Priya, who is a consultant from New Delhi, India, is a founding member of the US -based sustained Dialogue Campus Network, and is a consultant for Women in Security Conflict Management and Peace in New Delhi, India. She has also worked with the Dali Lama’s peace foundation as well.

Priya then introduced Sandy Heierbacher, the conference director, by referring to Malcom Gladwell’s book The Tipping Point. Sandy, she said, embodies all three of Malcom’s characteristics of trend setters, the salesman, people who can sell an idea, the connector, people who bring people together, and the maven – the knowledgeable ones who people turn to for advice on what they should do or buy i.e. which camera you should buy etc., or in this case which D & D approach you should use.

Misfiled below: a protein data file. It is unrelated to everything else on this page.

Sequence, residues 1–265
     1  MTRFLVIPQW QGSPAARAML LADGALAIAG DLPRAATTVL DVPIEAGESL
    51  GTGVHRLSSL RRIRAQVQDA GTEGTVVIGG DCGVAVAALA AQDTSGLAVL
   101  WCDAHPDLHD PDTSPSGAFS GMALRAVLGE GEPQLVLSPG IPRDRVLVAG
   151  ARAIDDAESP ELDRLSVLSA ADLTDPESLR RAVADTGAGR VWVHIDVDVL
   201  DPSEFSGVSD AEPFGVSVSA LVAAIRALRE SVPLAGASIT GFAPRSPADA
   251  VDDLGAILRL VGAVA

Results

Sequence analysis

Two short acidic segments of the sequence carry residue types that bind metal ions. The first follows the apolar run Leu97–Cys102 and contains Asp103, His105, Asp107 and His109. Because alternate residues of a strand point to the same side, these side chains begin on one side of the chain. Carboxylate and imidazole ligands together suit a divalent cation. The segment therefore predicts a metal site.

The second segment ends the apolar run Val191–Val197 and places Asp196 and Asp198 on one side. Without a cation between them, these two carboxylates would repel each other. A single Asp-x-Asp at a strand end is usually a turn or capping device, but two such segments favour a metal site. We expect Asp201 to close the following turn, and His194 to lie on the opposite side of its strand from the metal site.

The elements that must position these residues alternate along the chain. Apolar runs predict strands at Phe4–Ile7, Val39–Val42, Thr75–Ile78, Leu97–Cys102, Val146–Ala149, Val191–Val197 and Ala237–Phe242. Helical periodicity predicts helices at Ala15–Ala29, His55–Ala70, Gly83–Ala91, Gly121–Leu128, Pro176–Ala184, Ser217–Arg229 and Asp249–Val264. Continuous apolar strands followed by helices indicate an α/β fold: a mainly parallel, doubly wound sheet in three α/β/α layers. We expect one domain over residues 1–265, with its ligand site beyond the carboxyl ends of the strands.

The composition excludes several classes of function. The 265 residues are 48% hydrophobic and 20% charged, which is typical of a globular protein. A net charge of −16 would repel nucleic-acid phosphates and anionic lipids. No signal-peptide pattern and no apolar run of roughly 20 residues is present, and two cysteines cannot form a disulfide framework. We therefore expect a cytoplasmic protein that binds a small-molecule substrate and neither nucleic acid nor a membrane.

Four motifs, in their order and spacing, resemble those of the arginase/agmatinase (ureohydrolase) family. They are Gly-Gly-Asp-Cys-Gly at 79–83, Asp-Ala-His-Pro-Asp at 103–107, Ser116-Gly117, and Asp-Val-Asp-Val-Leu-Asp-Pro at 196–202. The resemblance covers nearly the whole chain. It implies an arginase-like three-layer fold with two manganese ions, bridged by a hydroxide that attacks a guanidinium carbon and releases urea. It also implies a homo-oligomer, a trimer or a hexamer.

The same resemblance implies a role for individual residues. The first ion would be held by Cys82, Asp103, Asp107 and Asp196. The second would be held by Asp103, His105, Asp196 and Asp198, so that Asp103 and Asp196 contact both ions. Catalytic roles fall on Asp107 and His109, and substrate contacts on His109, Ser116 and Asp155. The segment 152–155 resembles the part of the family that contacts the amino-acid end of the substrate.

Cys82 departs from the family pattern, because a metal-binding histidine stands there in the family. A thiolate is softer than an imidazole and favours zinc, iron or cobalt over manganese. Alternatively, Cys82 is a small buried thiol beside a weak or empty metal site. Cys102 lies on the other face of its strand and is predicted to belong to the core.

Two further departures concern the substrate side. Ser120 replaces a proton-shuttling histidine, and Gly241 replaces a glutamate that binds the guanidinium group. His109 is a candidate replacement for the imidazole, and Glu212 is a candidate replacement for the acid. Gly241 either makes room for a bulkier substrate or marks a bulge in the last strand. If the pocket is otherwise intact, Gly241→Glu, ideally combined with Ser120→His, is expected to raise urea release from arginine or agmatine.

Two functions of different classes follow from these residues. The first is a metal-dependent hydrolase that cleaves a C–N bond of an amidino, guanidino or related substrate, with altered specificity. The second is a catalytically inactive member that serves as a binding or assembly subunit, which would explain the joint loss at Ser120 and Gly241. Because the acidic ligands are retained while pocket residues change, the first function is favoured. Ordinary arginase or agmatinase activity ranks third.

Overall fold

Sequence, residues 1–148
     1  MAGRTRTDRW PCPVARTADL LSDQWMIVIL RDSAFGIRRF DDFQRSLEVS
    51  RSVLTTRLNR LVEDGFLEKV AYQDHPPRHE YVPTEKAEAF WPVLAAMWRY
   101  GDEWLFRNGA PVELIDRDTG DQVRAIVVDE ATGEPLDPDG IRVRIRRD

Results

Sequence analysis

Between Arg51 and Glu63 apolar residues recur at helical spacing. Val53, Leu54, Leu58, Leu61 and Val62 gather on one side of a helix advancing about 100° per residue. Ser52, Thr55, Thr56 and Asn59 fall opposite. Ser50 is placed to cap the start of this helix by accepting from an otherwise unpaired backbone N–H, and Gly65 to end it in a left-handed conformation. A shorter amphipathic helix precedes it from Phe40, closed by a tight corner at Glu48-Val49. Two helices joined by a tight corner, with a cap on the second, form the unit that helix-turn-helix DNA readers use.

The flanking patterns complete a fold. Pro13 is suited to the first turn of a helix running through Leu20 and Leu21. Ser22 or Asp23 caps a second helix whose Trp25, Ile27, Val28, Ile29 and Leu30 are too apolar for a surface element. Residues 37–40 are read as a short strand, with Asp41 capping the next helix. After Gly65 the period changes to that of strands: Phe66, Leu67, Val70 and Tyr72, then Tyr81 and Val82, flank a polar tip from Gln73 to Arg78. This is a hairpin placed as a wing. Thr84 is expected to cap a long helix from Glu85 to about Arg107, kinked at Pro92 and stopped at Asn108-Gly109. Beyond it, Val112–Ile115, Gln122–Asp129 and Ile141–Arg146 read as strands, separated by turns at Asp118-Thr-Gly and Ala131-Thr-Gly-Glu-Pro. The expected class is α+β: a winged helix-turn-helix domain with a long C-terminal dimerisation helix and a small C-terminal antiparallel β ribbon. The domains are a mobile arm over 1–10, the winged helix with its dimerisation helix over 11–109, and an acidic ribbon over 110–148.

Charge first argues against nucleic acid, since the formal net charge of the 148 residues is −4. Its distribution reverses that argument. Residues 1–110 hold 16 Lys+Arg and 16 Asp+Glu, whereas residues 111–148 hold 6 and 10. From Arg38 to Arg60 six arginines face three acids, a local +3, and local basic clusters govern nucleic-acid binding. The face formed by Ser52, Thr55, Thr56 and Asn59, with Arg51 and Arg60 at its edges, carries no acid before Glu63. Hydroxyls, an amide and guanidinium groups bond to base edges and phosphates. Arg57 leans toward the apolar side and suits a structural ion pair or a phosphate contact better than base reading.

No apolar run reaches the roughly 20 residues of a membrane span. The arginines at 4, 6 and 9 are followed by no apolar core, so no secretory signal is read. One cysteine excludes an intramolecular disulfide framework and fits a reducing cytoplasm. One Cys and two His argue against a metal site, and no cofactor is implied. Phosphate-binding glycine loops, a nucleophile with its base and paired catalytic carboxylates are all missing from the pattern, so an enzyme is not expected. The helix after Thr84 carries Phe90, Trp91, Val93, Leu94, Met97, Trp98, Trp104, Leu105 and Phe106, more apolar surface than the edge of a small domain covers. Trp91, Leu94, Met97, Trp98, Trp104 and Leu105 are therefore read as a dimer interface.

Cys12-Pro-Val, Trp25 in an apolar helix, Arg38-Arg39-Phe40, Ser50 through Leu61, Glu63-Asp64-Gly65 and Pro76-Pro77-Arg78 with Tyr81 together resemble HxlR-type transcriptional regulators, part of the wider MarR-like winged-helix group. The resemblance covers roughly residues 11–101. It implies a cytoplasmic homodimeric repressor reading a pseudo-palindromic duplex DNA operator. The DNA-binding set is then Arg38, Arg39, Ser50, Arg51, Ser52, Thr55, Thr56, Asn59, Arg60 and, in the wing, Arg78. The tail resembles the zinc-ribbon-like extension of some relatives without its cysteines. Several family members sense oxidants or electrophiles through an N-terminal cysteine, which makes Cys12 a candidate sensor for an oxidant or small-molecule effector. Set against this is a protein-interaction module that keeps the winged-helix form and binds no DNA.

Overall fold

Sandy received a standing ovation which reflected the audiences deep appreciation for all that she has done in helping establish this field and keep it moving forward which includes creating these conferences, leading the NCDD association, and building the NCDD’s resource rich web site.

Sandy expressed her deep appreciation for the marvelous job that Katie Howard the Conference Manager, Andy Fluke, the conferences creative director and a source of constant support (as her husband/partner), and Polly Riddams, the Logistical coordinator for all three conferences have done. She also acknowledged the excellent work of the conference planning committee, and all the volunteers who helped out in many different ways to create this conference happening.

She also especially thanked the funders who support NCDD’s work and this conference including the Whitman Institute & John Esterle & Edd Conboy, The Hewlett Foundation & Terry Amsler, The Forum Foundation and John Spady, The Study Circles Resource Center, and the Public Conversation Project.